StaMInA: A Novel Competition to Drive the Comparative Evaluation of State Machine Inference Approaches

Lead Research Organisation: University of Sheffield
Department Name: Computer Science


Software systems pervade modern life; they control everything from fly-by-wire aircraft and financial transfer systems to ABS breaking systems in cars and cooking modes in microwaves. The ability to understand these complex systems, and to make sure that they behave as expected, is crucial. State machines are a formal, diagrammatic notation that can be used to visualise behaviour of these systems in an accessible way. They can also be used as a basis for several rigorous and automated testing and verification techniques.Currently, state machines have to be designed and maintained by hand. This is an expensive and error-prone task, particularly when the system in question is constantly subject to change. Faced with this challenge, a substantial amount of research has been devoted to solving this problem with automated techniques; to automatically infer state machines of software systems, usually from samples of their behaviour. This has resulted in a multitude of proposed solutions from groups around the world.Although these advances are welcome, they have given rise to an important problem: There is no accepted process by which these techniques can be evaluated and compared against each other. There is no evidence to indicate which technique is better than the others, and why certain techniques excel. This in turn hampers further research in the area.With this project, we will address the above problems by organising an international competition to thoroughly compare and evaluate a diverse range of state machine inference techniques. The competition is especially novel because it will employ a range of techniques to compare the results of different techniques against each other. This will identify (a) which techniques are the most effective ones and (b) shed light on the possible reasons for their effectiveness. It is envisaged that this competition will become a regular event, driving research in the area.
Description Software is a foundation of many existing systems, such as cars, telephones and aircraft.
In this project, a competition was run between different techniques to infer models of software, based on finite-state machines. The aim was to get different inference approaches to compete on learning FSMs like those found in Software Engineering literature. The winning algorithm was able to learn well from half as much data as the best previously-known algorithm.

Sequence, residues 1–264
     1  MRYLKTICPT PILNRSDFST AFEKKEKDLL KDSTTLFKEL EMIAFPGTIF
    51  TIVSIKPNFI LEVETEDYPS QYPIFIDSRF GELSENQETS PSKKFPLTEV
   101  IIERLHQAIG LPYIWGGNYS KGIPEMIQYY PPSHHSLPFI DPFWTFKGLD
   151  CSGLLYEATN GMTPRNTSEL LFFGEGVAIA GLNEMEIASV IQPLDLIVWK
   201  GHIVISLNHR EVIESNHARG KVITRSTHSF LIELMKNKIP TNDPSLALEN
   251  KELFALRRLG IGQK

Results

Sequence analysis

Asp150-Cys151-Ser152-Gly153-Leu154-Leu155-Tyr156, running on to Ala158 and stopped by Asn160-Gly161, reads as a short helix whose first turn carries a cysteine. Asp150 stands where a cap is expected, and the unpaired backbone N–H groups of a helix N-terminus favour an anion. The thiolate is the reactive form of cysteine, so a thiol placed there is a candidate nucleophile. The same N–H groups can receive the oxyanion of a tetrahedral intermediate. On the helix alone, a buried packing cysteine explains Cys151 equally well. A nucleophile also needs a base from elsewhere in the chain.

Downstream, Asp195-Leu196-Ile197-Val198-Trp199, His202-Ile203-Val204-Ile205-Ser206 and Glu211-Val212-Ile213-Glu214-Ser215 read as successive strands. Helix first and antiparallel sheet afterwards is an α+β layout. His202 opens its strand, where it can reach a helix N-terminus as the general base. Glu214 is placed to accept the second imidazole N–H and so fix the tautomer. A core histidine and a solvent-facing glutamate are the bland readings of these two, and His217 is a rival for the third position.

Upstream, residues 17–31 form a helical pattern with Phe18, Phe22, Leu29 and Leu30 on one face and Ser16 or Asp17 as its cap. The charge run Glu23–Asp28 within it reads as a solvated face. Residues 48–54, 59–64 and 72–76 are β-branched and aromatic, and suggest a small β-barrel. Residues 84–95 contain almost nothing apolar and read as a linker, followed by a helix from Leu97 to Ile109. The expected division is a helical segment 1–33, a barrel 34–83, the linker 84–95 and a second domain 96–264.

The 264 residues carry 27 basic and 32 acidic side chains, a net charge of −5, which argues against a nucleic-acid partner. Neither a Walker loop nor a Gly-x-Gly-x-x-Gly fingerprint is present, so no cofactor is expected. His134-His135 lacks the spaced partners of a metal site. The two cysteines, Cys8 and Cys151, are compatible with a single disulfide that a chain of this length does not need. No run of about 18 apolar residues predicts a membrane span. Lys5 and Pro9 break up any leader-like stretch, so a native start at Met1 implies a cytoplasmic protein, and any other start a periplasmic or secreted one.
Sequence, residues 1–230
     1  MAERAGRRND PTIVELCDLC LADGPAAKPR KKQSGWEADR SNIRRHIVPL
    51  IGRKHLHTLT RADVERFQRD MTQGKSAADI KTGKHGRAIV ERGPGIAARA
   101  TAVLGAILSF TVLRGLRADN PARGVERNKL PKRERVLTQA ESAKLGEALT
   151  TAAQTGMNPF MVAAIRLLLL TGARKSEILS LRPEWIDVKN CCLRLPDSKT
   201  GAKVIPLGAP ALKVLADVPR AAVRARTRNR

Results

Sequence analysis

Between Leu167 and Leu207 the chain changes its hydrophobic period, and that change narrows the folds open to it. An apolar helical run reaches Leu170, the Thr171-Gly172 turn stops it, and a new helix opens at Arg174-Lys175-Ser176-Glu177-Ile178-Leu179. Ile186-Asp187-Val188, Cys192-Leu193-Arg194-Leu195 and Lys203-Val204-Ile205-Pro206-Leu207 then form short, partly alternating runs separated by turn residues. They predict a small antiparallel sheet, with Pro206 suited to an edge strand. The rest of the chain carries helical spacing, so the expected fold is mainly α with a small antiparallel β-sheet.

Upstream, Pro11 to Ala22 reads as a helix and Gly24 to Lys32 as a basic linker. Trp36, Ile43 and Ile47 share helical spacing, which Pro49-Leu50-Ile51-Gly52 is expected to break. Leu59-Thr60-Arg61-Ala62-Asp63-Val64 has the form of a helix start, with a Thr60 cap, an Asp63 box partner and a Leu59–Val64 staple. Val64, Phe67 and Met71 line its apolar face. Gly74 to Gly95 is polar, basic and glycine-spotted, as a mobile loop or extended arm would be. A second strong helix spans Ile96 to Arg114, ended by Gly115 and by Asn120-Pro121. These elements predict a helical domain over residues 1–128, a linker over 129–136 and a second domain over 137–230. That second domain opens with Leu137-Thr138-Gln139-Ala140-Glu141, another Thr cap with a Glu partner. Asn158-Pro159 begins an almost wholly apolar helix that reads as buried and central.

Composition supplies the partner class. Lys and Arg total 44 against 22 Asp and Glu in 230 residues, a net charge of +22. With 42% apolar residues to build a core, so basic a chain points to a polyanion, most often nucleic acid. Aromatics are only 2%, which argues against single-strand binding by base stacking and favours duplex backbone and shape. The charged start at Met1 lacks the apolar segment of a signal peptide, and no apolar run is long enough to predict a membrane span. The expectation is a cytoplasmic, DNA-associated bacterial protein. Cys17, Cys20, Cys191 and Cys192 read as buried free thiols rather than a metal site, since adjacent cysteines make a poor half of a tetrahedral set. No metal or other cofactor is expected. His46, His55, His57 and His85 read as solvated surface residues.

Exploitation Route The novel technique that emerged from the competition funded by this grant may be useful to both software developers and software development tool builders. Results of the work have appeared in an open-access article STAMINA: A Competition to Encourage the Development and Assessment of Software Model Inference Techniques, in Empirical Software Engineering journal. This is expected to be read by practicing software engineers.
Sectors Aerospace

Defence and Marine

Digital/Communication/Information Technologies (including Software)


Description The winning algorithm formed the basis for several initiatives by its inventor in the Netherlands in a cyber-security context on two prestigious CWI-funded research projects in conjunction with the Dutch national cyber-security centre. The competition site continues to be a valuable resource long after the end of the competition: in three years to October 2014 the site has attracted 1368 sessions from 990 different IP addresses, from 70 different countries.
First Year Of Impact 2013
Sector Digital/Communication/Information Technologies (including Software)
Impact Types Economic

Description Pierre DuPont 
Organisation Catholic University of Louvain
Country Belgium 
Sector Academic/University 
PI Contribution The Grammar inference competition funded by this grant was a joint work between Sheffield and Université catholique de Louvain, Belgium.
Collaborator Contribution The Grammar inference competition funded by this grant was a joint work between Sheffield and Université catholique de Louvain, Belgium.
Impact Research outputs are described in the Publications section and impact on society in the Narrative Impact
Start Year 2008
Title Statechum 
Description This tool implements the inference method developed as part of AutoAbstract and REGI research grants. 
Type Of Technology Software 
Year Produced 2007 
Open Source License? Yes  
Impact Was reimplemented by Quviq (Swedish SME) and contributed to their significant growth.